Skirt Steak with Pinto Beans and Pasilla Chile Vinaigrette – Food and Wine, April 2014

"Aren't you impressed by my grill lines?" "Um. Sure?"

“Aren’t you impressed by my grill lines?” “Um. Sure?”

One of the many, many things I miss about California is the Mexican ingredients. We never bought our spices in the fancy little glass jars for $8, no, we bought the $0.99 packet with the label in Spanish. The quality was better, and the price magnificent. I haven’t been able to find anything quite like it here in the suburbs of NoVa. This recipe calls for two ingredients I was concerned about finding:  dried Pasilla chiles and achiote seeds. I was only partly successful.

A note on dried chiles. Dried chiles often go by a completely different name then their fresh form. No “sun dried tomatoes” here. A jalapeno, smoked and dried, becomes a chipotle. A chilaca pepper becomes a pasilla. The dried poblano pepper becomes an ancho.

This recipe calls for pasilla chiles. The pasilla is a long, narrow and black dried chilaca pepper. It looks like this:

Source: Foodsubs.com

Pasilla Chile – Source: Foodsubs.com

Tragically, many grocers in the United States, for reasons I cannot determine, mislabel the dried poblano, or ancho, as a pasilla.  They look nothing alike. Anchos are chubby and reddish, and are sweeter than pasillas.

Ancho - Source foodsubs.com

Ancho – Source foodsubs.com

However, in a pinch, you can use the ancho as a substitute for the pasilla, which was good for me because there were no pasillas to be found.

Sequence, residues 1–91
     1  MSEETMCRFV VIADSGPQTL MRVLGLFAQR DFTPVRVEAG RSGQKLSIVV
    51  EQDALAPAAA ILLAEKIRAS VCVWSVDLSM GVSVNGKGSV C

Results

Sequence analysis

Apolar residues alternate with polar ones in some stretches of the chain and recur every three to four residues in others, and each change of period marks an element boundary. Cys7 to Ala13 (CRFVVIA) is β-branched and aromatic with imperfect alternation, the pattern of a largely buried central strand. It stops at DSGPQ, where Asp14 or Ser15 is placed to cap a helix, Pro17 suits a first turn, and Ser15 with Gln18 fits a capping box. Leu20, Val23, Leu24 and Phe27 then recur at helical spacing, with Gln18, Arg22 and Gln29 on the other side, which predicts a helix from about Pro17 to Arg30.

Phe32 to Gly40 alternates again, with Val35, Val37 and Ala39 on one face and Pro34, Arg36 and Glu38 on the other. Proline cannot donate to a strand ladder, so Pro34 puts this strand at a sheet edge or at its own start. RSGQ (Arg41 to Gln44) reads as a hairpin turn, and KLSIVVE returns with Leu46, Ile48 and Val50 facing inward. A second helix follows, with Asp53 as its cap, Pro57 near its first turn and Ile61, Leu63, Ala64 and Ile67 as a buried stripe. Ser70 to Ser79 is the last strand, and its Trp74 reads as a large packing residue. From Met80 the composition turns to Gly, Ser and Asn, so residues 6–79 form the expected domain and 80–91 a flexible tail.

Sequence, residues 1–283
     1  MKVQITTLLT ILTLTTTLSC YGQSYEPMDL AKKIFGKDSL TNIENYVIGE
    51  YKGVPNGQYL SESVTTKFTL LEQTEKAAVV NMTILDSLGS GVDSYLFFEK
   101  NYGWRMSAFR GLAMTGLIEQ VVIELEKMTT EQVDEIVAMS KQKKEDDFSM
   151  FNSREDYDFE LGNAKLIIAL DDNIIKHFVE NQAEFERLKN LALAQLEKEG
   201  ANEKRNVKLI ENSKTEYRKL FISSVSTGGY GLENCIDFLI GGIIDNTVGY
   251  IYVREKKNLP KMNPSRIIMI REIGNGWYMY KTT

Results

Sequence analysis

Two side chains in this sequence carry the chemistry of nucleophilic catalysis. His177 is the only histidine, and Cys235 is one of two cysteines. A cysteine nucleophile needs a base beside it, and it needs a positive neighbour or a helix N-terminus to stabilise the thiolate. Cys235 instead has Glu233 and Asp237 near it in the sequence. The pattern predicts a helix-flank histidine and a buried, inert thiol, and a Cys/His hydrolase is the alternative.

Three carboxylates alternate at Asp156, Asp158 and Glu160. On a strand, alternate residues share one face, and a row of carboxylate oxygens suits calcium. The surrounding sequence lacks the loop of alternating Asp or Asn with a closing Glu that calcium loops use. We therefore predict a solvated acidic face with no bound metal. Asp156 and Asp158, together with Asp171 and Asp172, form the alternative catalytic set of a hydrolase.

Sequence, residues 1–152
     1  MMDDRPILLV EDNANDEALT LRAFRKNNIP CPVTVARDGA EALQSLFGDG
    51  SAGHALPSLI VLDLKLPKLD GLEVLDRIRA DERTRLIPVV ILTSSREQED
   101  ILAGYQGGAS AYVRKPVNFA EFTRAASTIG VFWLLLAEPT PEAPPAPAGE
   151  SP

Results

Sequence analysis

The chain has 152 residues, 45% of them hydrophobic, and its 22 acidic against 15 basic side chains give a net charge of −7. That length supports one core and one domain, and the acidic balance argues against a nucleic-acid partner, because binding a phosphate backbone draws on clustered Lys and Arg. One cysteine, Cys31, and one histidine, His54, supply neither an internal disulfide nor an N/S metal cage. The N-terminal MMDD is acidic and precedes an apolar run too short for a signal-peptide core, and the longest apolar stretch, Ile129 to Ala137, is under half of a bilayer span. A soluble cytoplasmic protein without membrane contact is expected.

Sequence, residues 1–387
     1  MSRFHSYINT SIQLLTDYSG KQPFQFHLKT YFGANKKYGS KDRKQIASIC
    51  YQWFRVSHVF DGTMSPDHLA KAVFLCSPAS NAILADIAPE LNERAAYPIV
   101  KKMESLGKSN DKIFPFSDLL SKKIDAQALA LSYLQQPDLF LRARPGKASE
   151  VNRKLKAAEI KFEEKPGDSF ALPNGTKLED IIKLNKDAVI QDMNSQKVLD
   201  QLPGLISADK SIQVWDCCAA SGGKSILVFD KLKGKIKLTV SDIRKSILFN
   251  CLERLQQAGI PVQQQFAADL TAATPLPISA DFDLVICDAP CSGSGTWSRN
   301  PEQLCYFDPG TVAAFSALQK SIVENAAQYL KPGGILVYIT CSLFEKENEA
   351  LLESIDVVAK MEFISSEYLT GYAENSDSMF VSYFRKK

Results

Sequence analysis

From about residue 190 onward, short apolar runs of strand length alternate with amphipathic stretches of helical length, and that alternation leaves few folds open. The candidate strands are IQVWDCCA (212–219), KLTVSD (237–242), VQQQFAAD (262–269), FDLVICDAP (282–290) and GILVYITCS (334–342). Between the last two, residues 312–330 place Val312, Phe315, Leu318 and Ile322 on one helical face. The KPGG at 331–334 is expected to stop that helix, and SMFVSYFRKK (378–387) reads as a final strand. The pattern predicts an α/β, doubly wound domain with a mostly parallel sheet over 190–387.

If you want to make this dish, I highly recommend checking out Wal-Mart for the chile ingredients. They had both the achiote seed ($0.89!) and bags upon bags of dried peppers, which I didn’t find in any of the three other grocery stores I visited. With no pasilla peppers to be seen, I settled for the ancho chiles.

Anchos everywhere

Anchos everywhere

As you can see, this is about 20 more anchos than I needed for this recipe. If anyone has any recipes for ancho chiles, send them my way.

I probably spent as much time shopping for this meal as I did making it. As for the recipe itself, it was solid. I wasn’t impressed with the vinaigrette on its own, but I loved what it did to the pinto beans and onions. I think you could make the beans and onions portion of this dish as a standalone side dish and it would be quite impressive.

I did think the vinaigrette fell short of a steak-sauce alternative, which was the goal of the recipe. Perhaps if it had been a true pasilla chile I would have felt differently? It had a slight bitterness and didn’t have the spicy kick I was hoping for. I did like this recipe and will probably make it again. Next time I think I’ll try adding some chipotles in adobo sauce to the vinaigrette for a smokey and sweet undertone.

If anyone manages to find and make it with true pasilla chiles, let me know your results!

Photo by Christina Holmes, Food and Wine

Skirt Steak with Pinto Beans and Pasilla Chile Vinaigrette

(Food and Wine, April 2014) – Recipe by Hugh Acheson

Serves 4

My Notes: